The author of this post is a volunteer editor for news site inmediahk.net, which is quoted in this report.
An attempt by student protesters to occupy roads around the Hong Kong government's headquarters led to a series of violent clashes with police on November 30.
As pro-democracy protests in three major finance and commercial districts in the city enter their third month, the Hong Kong government continues to ignore protesters’ demands of free and fair elections. Instead, it recently worked behind the scenes with pro-Beijing groups to press the court to issue an injunction order to legitimize police efforts to clear the protest sites.
In response to the clearing of the Mong Kok site last week, two student activist groups, the Hong Kong Federation of Students and Scholarism called on protesters to occupy major roads outside the government's headquarters, an area which is not covered by the court injunction.
A series of violent clashes took place late at night when protesters attempted to break through the police line. The protesters managed to occupy Lung Wo road for a few hours, but police beat back the crowds with pepper spray, tear gas and batons the next morning.
The student activist groups admitted  their failure and apologized to their supporters, saying they did not anticipate the police's “out-of-control” aggression. On the other hand, the government described the protesters as “rioters” who deviated from the principle of “non-violent protests”.
Meanwhile, a large number of witness accounts have appeared on social media. Jon Ho, who says he was beaten up by the police, described  how the police acted and showed off his bruise on citizen media platform inmediahk.net:
At 2 a.m. on December 1, I was standing in the third or fourth row among the front lines of protesters on Lung Wo road. I equipped myself with goggles and a helmet. Suddenly, I heard people scream and without much thought, I pushed forward.
I thought I should be safe as there were so many in front of me. But they were quickly pulled away by police and I was then in the second row, facing the special task force police. Then I was pushed and fell down.
My eyes and face were covered with pepper spray. The goggles were broken. I fell on the side of the protesters and someone stepped on me. My mind went blank […] I was dragged by a police officer and a few others started kicking me. I thought, oh hell, they would arrest me. I lay motionless and pretended to be unconscious. The police then turned their attention to others.
While I still pretended to be unconscious, something horrible happened. A police officer attacked my motionless body with baton. This was pure violence out of rage. In any circumstance, attacking a defenseless person who is lying on the ground is absolutely wrong. I was very angry. Then another cop came and stopped him, “Hey stop beating him.” I was fortunate to avoid further torture.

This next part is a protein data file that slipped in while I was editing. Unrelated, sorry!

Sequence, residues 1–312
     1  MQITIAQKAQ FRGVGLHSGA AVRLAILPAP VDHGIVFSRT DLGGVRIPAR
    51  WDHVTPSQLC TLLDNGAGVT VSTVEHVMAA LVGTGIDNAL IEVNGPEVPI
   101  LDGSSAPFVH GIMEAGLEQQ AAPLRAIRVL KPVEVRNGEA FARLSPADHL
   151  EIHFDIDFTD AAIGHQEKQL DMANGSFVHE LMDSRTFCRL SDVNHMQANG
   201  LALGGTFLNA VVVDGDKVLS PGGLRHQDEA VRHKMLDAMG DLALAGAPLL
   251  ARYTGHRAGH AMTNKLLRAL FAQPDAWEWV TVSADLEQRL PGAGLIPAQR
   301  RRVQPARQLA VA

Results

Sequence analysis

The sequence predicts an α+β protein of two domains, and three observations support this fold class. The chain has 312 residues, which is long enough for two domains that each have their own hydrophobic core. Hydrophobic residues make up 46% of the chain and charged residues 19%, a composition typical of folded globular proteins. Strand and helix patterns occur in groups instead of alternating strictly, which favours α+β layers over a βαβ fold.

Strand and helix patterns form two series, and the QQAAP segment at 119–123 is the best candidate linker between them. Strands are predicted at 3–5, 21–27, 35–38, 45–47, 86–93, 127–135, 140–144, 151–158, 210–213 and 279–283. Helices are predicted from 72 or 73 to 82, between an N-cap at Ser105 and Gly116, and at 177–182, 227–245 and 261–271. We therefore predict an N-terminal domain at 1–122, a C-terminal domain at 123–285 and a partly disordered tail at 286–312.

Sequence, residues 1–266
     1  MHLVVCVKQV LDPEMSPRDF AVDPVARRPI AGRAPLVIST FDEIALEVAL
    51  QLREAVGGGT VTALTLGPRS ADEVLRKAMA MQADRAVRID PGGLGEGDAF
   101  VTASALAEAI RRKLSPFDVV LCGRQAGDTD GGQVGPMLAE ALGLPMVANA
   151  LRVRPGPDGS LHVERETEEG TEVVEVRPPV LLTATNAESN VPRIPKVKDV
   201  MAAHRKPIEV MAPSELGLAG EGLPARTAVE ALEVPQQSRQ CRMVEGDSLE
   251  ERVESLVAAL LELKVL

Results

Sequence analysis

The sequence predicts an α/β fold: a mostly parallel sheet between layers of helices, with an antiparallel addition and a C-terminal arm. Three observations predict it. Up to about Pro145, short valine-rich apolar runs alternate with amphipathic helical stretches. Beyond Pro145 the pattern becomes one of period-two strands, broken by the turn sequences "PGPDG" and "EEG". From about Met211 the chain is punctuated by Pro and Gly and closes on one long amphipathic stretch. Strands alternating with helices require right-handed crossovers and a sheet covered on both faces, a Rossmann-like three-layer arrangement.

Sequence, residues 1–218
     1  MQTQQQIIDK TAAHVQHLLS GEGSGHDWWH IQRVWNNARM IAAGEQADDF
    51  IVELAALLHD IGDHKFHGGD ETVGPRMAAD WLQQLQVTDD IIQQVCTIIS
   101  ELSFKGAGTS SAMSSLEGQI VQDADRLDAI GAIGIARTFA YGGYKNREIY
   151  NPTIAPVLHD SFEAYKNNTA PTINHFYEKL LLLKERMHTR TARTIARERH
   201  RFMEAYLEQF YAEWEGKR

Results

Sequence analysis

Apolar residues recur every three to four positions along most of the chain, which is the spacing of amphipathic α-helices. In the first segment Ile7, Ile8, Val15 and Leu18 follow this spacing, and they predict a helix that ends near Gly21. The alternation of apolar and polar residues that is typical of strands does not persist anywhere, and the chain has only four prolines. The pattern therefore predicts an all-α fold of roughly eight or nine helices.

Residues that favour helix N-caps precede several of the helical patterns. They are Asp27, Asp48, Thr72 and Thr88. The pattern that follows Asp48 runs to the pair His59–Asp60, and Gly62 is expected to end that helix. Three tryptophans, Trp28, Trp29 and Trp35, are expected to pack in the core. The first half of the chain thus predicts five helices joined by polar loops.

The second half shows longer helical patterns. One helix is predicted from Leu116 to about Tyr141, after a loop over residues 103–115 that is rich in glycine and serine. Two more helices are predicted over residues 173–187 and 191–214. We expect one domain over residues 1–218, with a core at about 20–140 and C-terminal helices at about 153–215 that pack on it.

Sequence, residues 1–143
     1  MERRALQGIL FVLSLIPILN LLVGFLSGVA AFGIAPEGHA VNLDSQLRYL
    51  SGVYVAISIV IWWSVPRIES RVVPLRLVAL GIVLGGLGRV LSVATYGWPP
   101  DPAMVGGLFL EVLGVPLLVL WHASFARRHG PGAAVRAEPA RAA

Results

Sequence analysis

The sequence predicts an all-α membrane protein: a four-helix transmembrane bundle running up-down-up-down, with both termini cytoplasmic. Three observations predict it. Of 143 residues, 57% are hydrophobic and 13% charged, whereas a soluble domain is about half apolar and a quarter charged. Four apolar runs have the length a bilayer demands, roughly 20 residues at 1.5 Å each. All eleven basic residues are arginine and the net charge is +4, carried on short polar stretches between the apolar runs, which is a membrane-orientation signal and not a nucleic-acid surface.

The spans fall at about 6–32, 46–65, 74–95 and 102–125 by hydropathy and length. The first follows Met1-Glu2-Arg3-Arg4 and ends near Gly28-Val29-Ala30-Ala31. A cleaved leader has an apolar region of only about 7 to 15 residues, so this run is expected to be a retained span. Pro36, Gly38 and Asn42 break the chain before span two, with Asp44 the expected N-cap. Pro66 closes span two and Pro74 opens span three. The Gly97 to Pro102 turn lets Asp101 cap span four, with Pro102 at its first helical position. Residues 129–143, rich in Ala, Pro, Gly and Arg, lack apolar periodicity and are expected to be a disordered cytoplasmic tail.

Hong Li Fong, a writer at inmediahk.net, believed that the “out-of-control” violence of police is a result of the “Lucifer Effect “:
I saw that the police officers were very satisfied with themselves after clearing the protesters, as if they had done something great. I saw that they did not hesitate to hit people with batons and pepper-spray protesters, as if the protesters had committed very serious and unforgivable crimes. I believe there are still some good cops. But I have never encountered any cops who show regret on their face. Some say it is the Lucifer Effect, I believe so as well. [In the eyes of the police], we represent evil and they represent justice, we are rioters, even though we are just having peaceful sit-in.
Gordon Mathews, an anthropology professor from the Chinese University of Hong Kong, also protested with his students on that night. On Facebook, he criticized the political elites for their failure to address young people's aspiration: 
The news tonight is full of claims by police and Hong Kong government figures that protestors had become violent. Perhaps a few somewhere were—but overwhelmingly the violence was committed by police beating students with their batons with great force. Now, the protesters were indeed engaged in illegal behavior—they were occupying roads around the Central Government Complex, in an expansion of their earlier protest zones. Some force was probably needed to clear the roads. But many police were behaving in an out-of-control way, as dozens of videos on TV and YouTube attest. This does not compare to police brutality in the United States: we have had no shootings, and, I pray, this will continue. Hong Kong is still more civil in its behavior than almost anywhere else in the world. But the police have become politicized, largely because of Hong’s political leaders hiding from sight, and a generation of Hong Kong youth has emerged that see the police as their enemy.
The Occupy Central movement will end very soon, although many more demonstrations will take place in the coming months and years. The long-term legacy of the movement will be a vast generational chasm. On Hong Kong university campuses, the overwhelming majority of students support Occupy Central and its civil disobedience, think that the Hong Kong government is run by incompetents who have no understanding of how ordinary people live, and see the mainland as a foreign dictatorship rather than a motherland. This is totally different from what Hong Kong and Beijing pundits envisioned twenty years ago, and was not even fully imaginable twenty months ago. A generation has been radicalized. Will this generation be running a new, more democratic and open Hong Kong in the future? Or will it suffer a sterile, plutocratic, authoritarian Hong Kong? I feel so proud of Hong Kong students, and so full of a bit of hope and a lot of fear about the future of my city.